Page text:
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Was my ancestor a bigamist?

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Re: Was my ancestor a bigamist?

Postby eurogordi » Fri Aug 03, 2018 10:30 am

Thank you ianbee. You have potentially saved my family from the shame of 18th century bigamy!

Although I now need to do further research, I suspect that Ayliffe White who was apprenticed in 1725 is the son of Thomas White, brother of my 7x great grandfather Ayliffe White.

Thomas was born at Kington St. Michael, Wiltshire in 1672 and is believed to have died by 1749, but there is little information about him. However, if my supposition is correct, this "new" Ayliffe followed his grandfather, great and 2x great grandfather to one of London's Inns of Court.

Due to the rules around apprenticeships at that time, a clandestine marriage would not be out of the question for someone who was still under the control of his employer in every aspect of life. It's all starting to fall into the place at last!

The names of (London) Ayliffe and Susannah's other children all match the names being used by various branches of the family. I will need to do some more research into Thomas and hopefully find out if he did indeed marry and have a son Ayliffe who, in turn, had a clandestine marriage in 1728.
eurogordi
 
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Re: Was my ancestor a bigamist?

Postby ianbee » Fri Aug 03, 2018 11:10 am

Hi
It does look like brother Thomas could be the answer.
If you can, have a look at the will of Thomas White of St Mary le Strand, Tallow Chandler.
Proved 12 May 1749, Prerogative Court of Canterbury.

There was a Thomas White in White Hart Yard in the 1730's (St Mary le Strand rate books again)
Ian
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Re: Was my ancestor a bigamist?

Postby eurogordi » Fri Aug 03, 2018 2:14 pm

Thank you once again ianbee. The will of Thomas White (Tallow Chandler) was made in 1736 with probate granted in 1749. It mentions his wife (Elizabeth) who was also responsible for probate, daughter (Mary), son-in-law (William Surass?) and, crucially, a son called Ayliffe. Furthermore, the will mentions Thomas's brother, Ayliffe White, but doesn't give a residence, although I'm guessing this must be my 7x grandfather.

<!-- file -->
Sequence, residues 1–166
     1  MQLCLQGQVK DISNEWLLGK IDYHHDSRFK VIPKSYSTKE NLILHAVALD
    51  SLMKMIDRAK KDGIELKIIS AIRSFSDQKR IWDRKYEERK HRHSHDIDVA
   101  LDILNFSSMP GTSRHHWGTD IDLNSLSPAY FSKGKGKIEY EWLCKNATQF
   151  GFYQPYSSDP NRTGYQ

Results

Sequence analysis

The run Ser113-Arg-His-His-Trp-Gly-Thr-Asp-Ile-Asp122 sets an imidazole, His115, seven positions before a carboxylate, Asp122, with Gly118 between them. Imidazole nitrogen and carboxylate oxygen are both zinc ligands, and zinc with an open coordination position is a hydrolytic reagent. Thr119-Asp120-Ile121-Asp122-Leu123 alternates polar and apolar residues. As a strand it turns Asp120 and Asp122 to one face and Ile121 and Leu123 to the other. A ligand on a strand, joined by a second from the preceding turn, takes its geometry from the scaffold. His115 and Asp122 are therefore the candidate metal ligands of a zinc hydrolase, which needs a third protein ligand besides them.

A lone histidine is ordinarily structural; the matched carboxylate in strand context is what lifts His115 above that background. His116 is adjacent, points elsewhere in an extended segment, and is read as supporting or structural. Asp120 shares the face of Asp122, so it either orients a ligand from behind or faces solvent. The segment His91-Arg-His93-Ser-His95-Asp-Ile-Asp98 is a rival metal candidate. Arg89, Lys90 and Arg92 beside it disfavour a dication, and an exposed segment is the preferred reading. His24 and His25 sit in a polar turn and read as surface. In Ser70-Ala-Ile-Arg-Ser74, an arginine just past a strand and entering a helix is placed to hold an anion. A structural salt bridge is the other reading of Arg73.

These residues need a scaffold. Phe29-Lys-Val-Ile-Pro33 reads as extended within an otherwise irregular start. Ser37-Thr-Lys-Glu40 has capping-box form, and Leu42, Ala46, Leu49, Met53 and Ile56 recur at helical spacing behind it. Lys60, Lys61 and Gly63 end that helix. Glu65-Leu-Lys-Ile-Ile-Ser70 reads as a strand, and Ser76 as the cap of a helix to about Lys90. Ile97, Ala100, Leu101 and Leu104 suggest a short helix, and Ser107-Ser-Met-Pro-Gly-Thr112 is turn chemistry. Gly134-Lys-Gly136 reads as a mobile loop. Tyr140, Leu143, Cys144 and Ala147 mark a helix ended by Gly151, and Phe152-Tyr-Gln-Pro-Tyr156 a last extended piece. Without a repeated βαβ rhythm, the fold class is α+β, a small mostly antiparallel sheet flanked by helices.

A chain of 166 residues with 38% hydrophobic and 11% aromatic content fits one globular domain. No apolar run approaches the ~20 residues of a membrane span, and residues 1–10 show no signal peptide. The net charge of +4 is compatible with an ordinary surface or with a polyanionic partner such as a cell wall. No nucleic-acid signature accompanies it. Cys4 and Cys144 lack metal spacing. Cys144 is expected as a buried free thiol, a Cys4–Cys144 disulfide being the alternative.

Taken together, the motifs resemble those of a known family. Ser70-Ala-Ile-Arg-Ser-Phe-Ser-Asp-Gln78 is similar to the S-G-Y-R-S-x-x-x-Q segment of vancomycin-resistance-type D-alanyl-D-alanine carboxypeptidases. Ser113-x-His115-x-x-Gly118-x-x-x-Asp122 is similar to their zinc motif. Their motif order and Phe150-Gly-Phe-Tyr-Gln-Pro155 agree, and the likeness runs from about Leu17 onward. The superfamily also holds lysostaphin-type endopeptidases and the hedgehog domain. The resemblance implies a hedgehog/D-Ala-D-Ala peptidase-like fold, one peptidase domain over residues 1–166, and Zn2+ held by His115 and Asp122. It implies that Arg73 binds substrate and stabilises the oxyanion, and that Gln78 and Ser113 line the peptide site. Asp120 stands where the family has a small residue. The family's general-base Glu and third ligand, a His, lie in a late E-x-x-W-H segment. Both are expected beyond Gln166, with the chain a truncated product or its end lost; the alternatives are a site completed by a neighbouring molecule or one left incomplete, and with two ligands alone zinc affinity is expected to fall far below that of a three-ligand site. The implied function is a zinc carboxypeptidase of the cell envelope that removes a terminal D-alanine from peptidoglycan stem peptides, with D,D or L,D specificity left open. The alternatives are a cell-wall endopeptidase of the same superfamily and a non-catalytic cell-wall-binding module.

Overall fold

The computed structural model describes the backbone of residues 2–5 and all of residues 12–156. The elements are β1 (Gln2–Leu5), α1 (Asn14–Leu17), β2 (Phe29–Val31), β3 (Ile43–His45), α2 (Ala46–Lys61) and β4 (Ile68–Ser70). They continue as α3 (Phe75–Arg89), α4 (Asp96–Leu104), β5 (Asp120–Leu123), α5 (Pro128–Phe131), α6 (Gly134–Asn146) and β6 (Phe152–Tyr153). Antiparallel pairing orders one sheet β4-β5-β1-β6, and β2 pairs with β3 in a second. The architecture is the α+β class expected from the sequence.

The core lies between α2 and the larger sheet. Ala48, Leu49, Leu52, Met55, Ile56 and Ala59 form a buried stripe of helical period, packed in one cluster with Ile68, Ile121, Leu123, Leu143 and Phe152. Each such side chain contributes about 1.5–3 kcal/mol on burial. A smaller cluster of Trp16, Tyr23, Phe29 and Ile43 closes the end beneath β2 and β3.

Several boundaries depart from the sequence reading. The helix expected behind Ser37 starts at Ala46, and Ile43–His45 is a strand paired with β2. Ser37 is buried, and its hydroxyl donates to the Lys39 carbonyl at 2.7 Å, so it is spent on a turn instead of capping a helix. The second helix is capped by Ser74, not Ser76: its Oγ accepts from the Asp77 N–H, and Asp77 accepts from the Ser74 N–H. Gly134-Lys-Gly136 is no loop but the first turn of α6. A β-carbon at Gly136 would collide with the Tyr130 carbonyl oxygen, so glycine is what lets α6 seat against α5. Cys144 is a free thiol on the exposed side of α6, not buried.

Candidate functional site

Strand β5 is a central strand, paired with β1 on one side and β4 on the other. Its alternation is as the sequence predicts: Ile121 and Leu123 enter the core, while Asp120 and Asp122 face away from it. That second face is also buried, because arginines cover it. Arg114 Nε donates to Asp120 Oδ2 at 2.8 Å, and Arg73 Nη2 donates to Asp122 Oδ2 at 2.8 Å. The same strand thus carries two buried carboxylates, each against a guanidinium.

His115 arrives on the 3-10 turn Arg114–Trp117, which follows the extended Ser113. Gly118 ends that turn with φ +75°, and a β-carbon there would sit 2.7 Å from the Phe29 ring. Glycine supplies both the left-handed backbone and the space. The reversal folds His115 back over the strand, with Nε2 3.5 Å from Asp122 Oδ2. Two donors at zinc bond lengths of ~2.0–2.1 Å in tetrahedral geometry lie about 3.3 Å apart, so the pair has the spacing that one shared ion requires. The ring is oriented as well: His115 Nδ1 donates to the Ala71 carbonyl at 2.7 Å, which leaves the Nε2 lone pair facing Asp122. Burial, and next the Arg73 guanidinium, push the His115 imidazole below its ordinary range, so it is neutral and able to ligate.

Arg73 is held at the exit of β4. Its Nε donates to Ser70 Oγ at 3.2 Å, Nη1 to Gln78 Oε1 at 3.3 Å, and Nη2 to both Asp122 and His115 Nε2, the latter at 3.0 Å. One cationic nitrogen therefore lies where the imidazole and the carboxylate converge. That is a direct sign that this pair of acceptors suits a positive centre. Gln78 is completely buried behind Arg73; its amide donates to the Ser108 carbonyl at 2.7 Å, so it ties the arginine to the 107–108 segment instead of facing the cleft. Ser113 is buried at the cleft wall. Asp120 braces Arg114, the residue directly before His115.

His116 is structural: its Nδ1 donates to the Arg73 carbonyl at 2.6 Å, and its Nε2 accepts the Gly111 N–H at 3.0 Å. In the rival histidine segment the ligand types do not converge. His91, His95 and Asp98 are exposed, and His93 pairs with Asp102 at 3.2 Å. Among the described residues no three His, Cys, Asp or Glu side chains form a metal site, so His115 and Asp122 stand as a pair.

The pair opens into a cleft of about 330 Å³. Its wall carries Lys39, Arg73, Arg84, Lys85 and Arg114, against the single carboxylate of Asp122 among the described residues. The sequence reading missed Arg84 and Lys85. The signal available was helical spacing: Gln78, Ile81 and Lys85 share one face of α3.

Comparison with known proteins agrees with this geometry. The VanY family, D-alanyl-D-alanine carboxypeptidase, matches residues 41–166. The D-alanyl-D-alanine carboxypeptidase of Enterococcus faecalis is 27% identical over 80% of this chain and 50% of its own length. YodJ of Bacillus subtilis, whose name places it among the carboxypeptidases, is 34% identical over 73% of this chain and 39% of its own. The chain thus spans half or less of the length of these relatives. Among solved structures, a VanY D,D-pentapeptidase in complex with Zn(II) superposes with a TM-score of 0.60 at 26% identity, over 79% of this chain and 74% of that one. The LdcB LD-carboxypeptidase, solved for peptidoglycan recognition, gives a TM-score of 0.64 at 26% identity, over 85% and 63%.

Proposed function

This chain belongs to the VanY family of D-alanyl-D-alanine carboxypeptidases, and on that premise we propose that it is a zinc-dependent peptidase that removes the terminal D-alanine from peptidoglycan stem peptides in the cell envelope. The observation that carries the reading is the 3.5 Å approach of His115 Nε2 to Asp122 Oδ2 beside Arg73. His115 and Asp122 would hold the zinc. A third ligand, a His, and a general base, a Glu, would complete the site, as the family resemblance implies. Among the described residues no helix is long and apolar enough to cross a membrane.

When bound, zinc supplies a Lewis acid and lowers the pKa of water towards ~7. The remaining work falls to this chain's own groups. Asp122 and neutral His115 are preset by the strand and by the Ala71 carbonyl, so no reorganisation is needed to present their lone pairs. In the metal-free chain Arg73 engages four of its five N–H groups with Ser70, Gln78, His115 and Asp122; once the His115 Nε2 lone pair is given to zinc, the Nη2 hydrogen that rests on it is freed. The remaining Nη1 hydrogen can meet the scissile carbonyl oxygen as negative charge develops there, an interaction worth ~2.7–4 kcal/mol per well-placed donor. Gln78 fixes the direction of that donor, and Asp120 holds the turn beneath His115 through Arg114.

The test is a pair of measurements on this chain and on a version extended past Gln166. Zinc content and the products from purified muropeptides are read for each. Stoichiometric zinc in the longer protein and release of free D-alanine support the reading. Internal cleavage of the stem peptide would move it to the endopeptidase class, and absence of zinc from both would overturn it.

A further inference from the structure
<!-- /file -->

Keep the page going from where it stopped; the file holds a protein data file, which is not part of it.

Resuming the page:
What has excited me the most is that Thomas White refers to "my son Aliffe White he being so irked and disobedient", and his behaviour certainly affected Ayliffe's inheritance, receiving 5/- rather than 20/- bequeathed to his sister. The Inner Court register of admissions does not list Ayliffe being formally admitted, so perhaps he gave up his apprenticeship to marry Susannah Robinson in secret and subsequently fathered several children.

What is clear is the existence of a hitherto unknown Ayliffe who had clearly rebelled against what his father and possibly the wider family expected of him. Why he gave his uncle's address, St. Giles in the Field, when he entered a clandestine marriage is a mystery, but perhaps he had gone to live with an uncle who was more sympathetic than his own father.

So I have to be content at not finding a bigamist marriage after all (I still have one in my family tree elsewhere!), but have discovered an equally interesting member of my family tree
eurogordi
 
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